|Title||Studies of Myxidium giardi Cépède, 1906 infections in Icelandic eels identifies a genetically diverse clade of myxosporeans that represents the Paramyxidium n. G (Myxosporea: Myxidiidae)|
|Publication Type||Journal Article|
|Year of Publication||2018|
|Authors||Freeman, MA, Kristmundsson, Á|
|Journal||Parasites & Vectors|
Background: The myxosporean Myxidium giardi Cépède, 1906 was described infecting the kidney of the European eel, Anguilla anguilla (L.), having spindle-shaped myxospores and terminal sub-spherical polar capsules. Since then, numerous anguillid eels globally have been documented to have similar Myxidium infections. Many of these have been identified using the morphological features of myxospores or by the location of infection in the host, and some have been subsequently synonymised with M. giardi. Therefore, it is not clear whether M. giardi is a widely distributed parasite, infecting numerous species of eels, in multiple organs, or whether some infections represent other, morphologically similar but different species of myxosporeans. The aim of the present study was to assess the status of M. giardi infections in Icelandic eels, and related fish hosts in Malaysia and to use spore morphology and molecular techniques to evaluate the diversity of myxosporeans present.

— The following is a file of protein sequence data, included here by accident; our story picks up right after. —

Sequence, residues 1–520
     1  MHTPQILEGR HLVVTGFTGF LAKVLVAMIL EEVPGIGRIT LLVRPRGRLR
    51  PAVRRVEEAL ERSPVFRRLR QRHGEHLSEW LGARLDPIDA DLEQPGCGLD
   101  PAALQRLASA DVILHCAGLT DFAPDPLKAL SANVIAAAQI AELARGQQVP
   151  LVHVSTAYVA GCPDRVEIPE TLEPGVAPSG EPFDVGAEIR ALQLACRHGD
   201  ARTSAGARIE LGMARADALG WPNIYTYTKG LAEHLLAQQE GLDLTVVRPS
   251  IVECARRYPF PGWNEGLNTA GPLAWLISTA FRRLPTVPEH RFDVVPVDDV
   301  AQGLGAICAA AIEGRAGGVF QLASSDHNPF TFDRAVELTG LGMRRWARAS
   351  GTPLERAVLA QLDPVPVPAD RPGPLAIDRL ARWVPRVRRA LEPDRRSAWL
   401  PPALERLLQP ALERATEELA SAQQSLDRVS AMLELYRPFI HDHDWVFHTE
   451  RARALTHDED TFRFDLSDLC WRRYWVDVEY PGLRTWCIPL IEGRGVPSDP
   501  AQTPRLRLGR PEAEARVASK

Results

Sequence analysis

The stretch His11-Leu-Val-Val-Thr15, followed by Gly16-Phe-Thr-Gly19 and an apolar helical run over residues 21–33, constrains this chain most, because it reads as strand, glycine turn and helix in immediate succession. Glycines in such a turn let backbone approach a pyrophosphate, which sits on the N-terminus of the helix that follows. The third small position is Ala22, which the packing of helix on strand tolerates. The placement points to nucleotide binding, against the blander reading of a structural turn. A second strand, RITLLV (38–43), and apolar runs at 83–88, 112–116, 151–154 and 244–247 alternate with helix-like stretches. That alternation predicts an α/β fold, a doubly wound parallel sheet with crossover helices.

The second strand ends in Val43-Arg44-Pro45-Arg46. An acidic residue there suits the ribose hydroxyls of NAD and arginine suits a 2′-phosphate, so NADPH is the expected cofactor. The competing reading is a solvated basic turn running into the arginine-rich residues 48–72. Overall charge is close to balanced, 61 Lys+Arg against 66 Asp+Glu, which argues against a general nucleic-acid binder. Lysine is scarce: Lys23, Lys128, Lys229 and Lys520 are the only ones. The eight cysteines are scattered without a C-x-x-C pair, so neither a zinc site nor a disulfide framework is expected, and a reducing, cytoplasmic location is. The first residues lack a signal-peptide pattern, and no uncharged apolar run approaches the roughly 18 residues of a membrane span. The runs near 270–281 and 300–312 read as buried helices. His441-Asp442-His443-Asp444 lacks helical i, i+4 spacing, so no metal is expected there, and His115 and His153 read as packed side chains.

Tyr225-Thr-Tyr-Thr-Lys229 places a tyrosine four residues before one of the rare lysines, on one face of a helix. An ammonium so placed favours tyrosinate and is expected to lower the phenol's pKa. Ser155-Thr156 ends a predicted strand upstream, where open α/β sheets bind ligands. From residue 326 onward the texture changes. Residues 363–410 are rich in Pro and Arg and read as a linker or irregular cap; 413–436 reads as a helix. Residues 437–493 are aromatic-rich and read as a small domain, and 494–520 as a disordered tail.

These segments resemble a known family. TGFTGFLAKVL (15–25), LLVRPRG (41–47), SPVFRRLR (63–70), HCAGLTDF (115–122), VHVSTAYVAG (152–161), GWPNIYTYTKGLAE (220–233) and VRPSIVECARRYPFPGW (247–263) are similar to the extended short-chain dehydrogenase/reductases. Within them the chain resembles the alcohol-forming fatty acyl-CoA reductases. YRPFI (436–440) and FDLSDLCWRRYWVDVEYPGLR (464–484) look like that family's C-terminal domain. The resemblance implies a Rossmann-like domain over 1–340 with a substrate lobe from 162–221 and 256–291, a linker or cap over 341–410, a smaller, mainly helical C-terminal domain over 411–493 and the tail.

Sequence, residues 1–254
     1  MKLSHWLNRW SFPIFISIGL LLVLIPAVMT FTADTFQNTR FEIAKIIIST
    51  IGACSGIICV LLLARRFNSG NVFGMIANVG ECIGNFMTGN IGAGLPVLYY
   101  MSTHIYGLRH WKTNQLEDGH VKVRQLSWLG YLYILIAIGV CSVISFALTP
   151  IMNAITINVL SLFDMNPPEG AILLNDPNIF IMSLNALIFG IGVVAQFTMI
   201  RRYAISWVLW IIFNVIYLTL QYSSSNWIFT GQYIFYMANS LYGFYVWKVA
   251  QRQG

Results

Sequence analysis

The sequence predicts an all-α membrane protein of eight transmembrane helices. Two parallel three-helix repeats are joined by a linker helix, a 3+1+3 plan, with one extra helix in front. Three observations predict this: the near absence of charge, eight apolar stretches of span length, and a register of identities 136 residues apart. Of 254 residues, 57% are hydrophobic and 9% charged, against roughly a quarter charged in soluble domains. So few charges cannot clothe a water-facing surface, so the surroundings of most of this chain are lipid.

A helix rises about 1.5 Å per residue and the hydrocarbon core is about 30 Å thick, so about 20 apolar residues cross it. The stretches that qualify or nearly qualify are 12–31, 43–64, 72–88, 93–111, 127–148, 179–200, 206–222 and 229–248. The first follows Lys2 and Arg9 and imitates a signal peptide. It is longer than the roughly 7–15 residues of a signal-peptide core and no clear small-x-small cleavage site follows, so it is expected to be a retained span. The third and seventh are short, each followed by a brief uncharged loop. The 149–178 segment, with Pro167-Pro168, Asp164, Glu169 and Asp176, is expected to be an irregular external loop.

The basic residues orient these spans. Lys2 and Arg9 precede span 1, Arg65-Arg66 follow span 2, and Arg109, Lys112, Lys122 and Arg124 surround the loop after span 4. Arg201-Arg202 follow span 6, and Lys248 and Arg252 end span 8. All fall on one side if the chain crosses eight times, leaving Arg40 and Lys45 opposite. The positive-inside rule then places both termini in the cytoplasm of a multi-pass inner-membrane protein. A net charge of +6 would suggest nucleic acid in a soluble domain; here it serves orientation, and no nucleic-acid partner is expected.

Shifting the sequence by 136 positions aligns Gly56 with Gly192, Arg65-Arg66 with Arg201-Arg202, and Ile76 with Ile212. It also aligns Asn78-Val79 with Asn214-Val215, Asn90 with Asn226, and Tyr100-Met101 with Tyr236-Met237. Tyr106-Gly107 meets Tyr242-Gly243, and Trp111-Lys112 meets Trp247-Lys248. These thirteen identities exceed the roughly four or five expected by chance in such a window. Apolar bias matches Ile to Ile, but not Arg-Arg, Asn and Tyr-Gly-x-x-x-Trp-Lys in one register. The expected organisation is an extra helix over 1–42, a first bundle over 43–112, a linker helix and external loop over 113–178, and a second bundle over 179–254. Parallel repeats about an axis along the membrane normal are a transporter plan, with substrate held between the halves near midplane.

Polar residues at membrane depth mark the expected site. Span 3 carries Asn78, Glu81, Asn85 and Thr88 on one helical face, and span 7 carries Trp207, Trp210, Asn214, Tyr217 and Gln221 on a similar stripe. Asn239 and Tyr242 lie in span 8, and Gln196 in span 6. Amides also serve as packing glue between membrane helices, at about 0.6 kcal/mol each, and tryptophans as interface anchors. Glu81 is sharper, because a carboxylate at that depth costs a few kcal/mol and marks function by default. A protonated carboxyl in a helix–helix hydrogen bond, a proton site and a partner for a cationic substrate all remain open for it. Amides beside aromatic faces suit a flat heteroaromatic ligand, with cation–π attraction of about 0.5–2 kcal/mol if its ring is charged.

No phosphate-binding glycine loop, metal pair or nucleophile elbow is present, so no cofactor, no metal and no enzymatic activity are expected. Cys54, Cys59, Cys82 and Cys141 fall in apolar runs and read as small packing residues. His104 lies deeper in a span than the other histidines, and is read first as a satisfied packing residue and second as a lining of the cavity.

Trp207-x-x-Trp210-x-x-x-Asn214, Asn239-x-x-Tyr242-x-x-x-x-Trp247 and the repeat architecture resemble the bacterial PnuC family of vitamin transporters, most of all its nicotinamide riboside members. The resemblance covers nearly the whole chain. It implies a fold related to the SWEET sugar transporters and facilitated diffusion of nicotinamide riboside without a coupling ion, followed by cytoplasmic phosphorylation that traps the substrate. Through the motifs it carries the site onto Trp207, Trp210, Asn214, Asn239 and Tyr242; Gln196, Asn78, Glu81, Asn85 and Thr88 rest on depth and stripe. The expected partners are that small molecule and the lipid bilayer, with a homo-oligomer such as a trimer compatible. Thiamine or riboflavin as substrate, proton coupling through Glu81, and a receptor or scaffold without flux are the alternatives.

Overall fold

Results: The morphologies of the myxospores from Icelandic eels were very similar but the overall dimensions were significantly different from the various tissue locations. Myxospores from the kidney of the Malaysian tarpon, Megalops cyprinoides (Broussonet), were noticeably smaller. However, the SSU rDNA sequences from the different tissues locations in eels, were all very distinct, with percentage similarities ranging from 92.93% to as low as 89.8%, with the sequence from Malaysia being even more dissimilar. Molecular phylogenies consistently placed these sequences together in a clade that we refer to as the Paramyxidium clade that is strongly associated with the
Myxidium clade (sensu stricto). We erect the genus Paramyxidium n. g. (Myxidiidae) to accommodate these histozoic taxa, and transfer Myxidium giardi as Paramyxidium giardi Cépède, 1906 n. comb. as the type-species.
Conclusions: There is not a single species of Myxidium (M. giardi) causing systemic infections in eels in Iceland. There are three species, confirmed with a robust phylogeny, one of which represents Paramyxidium giardi n. comb. Additional species probably exist that infect different tissues in the eel and the site of infection in the host fish is an important diagnostic feature for this group (Paramyxidium n. g. clade). Myxospore morphology is generally conserved
in the Paramyxidium clade, although actual spore dimensions can vary between some species. Paramyxidium spp. Are currently only known to infect fishes from the Elopomorpha.